52/365 – Catalonia – DOQ Priorat, Llicorella and Wine – Pasanau Ceps Nous 2010
…. which kind of soil the vines come from? The notion of terroir “sense of place”” is forever imprinted in the day to day wine talk. Terroir are attributes and components which are, supposedly important to vine growing, and create the typicity and uniqueness for each wine growing area. Climate, topography, landscape and soil. All of the characteristics have some influence on the wine makers desire on how to plan his/her vineyard and certainly affect the grape varieties planted and where.
Having done research for this article, I discovered that there are several soil scientists which decisively claim that it is deceptive to assert that soil type have an explicit impact on the flavor of the wine. “The flavor is in the bottle” says John Havlin, professor and extension specialist at North Carolina State University. “The plant takes up water and nutrients and has to make flavor compounds. The plant cannot take up compounds from the soil that you would consider flavor.”
And yet, so many, if not all vintners in Priorat stress the importance of the Llicorella (Slate) and how the wines of Priorat have such a typical Llicorella flavor. The climate around the vineyard drives the flavors of the wines much more than the soil type. The amount of rainfall, or lack of the same, during a season, the rain distribution, and the temperatures can all drastically change the amounts and types of flavor compounds and the final wine in the bottle.
Look at it this way! Same wine, same vine, same grapes, same terroir. Different vintage! Buy a 2004 Garnacha from your favorite cellar in Priorat. This was a especially good year for the Priorat wines. The price is high, the quality is excellent, so you come to the only conclusion, you have to buy more of this wine. Sorry, there is no more of that vintage! You’ll have to make due with the 2005, a year that was bad! This wine is actually on the shelf, by the same producer, and much cheaper. Conclusion! Were the growing conditions between 2004 and 2005 different, yes they were! Was the soil different? Quality and flavor obviously changed, the quality changed, the price, due to demand, changed. The soil always stayed the same. So how much are YOU wiling to pay for the soil type?
Geologically, Priorat is a very abrupt area characterized by a soil where a kind of slate called llicorella predominates. This structure favours the soil drainage and forces the vines roots to grow deep into the terrain in search of water. The stress, positive in this case, influences the slow expansion of the grape, giving it character and concentration of flavors.
The sloping profile of the landscape makes viticultural practises in the Priorat very labour intensive and near impossible to mechanize. Costers and terraces are the two choices the vintners have when it come to planting their vines.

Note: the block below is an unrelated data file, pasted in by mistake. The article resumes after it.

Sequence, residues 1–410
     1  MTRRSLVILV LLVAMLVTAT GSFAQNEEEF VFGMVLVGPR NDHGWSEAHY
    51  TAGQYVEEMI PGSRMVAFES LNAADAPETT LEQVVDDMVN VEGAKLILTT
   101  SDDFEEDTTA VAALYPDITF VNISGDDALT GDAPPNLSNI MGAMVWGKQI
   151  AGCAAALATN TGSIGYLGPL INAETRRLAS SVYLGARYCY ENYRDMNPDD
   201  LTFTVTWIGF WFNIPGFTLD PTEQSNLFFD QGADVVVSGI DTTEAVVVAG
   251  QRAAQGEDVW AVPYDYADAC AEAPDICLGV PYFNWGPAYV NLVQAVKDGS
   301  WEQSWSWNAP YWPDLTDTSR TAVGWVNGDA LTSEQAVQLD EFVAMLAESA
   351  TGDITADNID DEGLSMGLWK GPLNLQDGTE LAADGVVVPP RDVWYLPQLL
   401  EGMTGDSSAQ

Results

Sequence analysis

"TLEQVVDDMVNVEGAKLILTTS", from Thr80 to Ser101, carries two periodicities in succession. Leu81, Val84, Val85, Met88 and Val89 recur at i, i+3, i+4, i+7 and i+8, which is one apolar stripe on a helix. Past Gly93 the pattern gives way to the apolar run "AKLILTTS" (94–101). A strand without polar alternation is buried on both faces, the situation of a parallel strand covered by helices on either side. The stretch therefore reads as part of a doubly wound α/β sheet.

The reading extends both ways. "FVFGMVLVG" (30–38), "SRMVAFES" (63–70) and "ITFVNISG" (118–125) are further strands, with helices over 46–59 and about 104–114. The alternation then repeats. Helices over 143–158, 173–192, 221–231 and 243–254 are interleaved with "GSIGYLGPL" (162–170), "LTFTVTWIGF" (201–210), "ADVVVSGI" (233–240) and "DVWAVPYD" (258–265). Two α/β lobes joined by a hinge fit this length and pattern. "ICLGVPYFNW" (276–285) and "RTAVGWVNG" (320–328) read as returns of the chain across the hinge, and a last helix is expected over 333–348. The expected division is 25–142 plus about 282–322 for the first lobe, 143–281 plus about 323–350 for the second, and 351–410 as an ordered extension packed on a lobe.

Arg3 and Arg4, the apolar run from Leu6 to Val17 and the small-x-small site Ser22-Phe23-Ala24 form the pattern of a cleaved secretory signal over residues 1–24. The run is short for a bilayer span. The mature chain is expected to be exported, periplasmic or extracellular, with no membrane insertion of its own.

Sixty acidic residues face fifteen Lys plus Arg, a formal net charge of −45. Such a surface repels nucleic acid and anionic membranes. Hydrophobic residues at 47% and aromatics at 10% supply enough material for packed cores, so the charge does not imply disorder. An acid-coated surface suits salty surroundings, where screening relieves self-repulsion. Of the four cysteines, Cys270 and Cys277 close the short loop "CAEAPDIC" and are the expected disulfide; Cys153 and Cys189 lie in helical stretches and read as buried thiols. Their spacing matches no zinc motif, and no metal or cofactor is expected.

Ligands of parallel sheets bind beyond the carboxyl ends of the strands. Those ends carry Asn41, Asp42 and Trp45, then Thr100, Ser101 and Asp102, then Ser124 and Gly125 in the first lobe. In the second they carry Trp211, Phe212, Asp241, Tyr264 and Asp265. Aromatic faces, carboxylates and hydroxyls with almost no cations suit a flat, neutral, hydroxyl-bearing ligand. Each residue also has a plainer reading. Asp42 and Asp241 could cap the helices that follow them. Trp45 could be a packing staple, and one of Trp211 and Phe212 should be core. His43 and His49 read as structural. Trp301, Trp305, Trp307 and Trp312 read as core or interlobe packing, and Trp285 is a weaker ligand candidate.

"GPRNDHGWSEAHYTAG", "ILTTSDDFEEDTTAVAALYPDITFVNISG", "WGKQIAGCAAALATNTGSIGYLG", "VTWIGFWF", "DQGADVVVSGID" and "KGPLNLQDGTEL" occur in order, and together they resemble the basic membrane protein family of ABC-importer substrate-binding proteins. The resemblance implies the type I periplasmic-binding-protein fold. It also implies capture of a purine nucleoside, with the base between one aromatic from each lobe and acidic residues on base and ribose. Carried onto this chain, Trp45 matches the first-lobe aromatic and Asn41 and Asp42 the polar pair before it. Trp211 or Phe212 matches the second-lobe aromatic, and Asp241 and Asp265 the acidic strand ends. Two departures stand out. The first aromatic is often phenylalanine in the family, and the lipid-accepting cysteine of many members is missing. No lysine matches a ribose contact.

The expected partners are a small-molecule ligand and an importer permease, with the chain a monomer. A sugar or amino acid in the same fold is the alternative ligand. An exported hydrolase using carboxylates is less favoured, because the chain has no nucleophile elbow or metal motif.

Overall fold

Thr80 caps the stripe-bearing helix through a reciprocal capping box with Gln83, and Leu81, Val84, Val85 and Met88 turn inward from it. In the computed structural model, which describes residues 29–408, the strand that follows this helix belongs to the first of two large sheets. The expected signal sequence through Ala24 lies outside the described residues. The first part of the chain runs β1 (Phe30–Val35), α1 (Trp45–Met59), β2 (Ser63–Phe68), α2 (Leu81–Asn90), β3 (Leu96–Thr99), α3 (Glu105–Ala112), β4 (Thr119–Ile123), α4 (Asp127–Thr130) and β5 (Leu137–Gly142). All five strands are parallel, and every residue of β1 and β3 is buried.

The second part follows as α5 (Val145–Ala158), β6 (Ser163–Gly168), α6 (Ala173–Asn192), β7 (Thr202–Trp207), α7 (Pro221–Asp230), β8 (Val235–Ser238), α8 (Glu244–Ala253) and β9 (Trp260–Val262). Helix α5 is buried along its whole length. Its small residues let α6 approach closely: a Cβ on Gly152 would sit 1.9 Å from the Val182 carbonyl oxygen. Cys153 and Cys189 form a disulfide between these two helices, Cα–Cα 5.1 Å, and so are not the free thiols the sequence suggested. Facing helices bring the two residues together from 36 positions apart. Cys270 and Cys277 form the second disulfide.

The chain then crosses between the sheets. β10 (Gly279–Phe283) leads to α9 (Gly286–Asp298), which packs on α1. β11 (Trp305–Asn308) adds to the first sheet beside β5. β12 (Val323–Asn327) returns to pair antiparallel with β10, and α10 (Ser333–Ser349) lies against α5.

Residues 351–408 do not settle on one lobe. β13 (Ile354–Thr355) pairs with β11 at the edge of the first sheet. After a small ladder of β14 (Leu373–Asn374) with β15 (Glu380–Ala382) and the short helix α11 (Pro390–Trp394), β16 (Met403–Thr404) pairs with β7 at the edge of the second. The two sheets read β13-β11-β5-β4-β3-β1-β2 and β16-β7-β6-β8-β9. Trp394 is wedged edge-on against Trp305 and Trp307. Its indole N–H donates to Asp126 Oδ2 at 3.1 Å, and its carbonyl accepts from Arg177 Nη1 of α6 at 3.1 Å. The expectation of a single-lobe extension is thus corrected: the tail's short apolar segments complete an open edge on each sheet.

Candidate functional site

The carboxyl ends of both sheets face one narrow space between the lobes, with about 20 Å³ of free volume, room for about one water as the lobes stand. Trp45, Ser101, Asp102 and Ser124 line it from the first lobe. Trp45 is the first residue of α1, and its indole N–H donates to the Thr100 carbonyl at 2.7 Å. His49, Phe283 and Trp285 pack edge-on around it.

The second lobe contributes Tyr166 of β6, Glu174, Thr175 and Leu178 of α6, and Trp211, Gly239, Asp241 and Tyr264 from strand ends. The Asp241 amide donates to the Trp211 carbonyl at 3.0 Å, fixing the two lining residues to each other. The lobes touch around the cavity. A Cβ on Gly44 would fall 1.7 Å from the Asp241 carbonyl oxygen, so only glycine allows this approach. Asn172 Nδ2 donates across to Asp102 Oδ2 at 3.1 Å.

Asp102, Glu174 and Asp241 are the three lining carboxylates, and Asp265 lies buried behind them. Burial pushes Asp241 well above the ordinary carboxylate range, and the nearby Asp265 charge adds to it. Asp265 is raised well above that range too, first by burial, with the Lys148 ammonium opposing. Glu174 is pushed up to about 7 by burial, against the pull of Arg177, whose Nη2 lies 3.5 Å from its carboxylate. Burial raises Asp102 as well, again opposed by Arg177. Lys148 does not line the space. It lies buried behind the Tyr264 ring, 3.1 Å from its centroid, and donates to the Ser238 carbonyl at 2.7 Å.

A coster is a vineyard planted on an inclined terrain. This allows for a complete use of the available surface but makes it very hard to mechanize. The sloping surface retains very little water so vines are smaller than usual and produce smaller yield, but grapes have an exceptional concentration.
A terrace, on the other hand, is a slice carved into the sloping terrain in such a form that a flat surface is created, where the vines are planted. This makes it easier to mechanize works and it favours water retention helping vines growth.
Priorat has two major ways of growing vines, in low bush shape or on trellises. Low bush shape is the traditional way of growing vines in Priorat, it doesn’t require any additional investment and the structure of the vine protect the grapes from summer insolation. Trellises need a much higher investment in order to hold the vine to a structure of posts and cables that facilitates viticultural tasks and maximizes sun exposure. Yields are so much lower in Priorat due to lack of rain, the stress grapes experience and overall terroir.
The wine region Priorat D.O.Q. (Denominació d’Origen Qualificada) is not exactly the same as the Priorat county. DOQ Priorat, which extension coincides with the historic Priorat area, it’s a subzone of the county that includes the villages of Bellmunt, Gratallops, El Lloar, Porrera, Torroja, La Vilella Baixa, La Vilella Alta, Poboleda, Scala Dei, La Morera del Montsant and a part of Falset and El Molar.
In the XII century the monks at the carthusian monastery of Scala Dei introduced the viticultural and winemaking techniques in the Priorat. Since then, wines produced in this region have gained renown worldwide prestige. Exceptional grapes are grown in the Priorat, source of structured and powerful wines; recently, the use of modern winemaking techniques has made possible the achievement of world class wines in this small region in Tarragona.
Pasanau Ceps Nous 2010, 45% Garnacha, 20% Carinena, 30% Merlot and 5% Syrah
Lovely bright red ruby color. Bouncy wine, lot’s of life! Cherry and red berries are there but also, during the primary nose, hints of meat, leather and some anise. Some black pepper and strawberry. On the palate it delivers bright fruit carried by good acidity, excellent intensity and concentration, and complex flavors. Very well balanced palate. Mouth-filling with nice tannins. Can easily be cellared for a few years.
321 to go!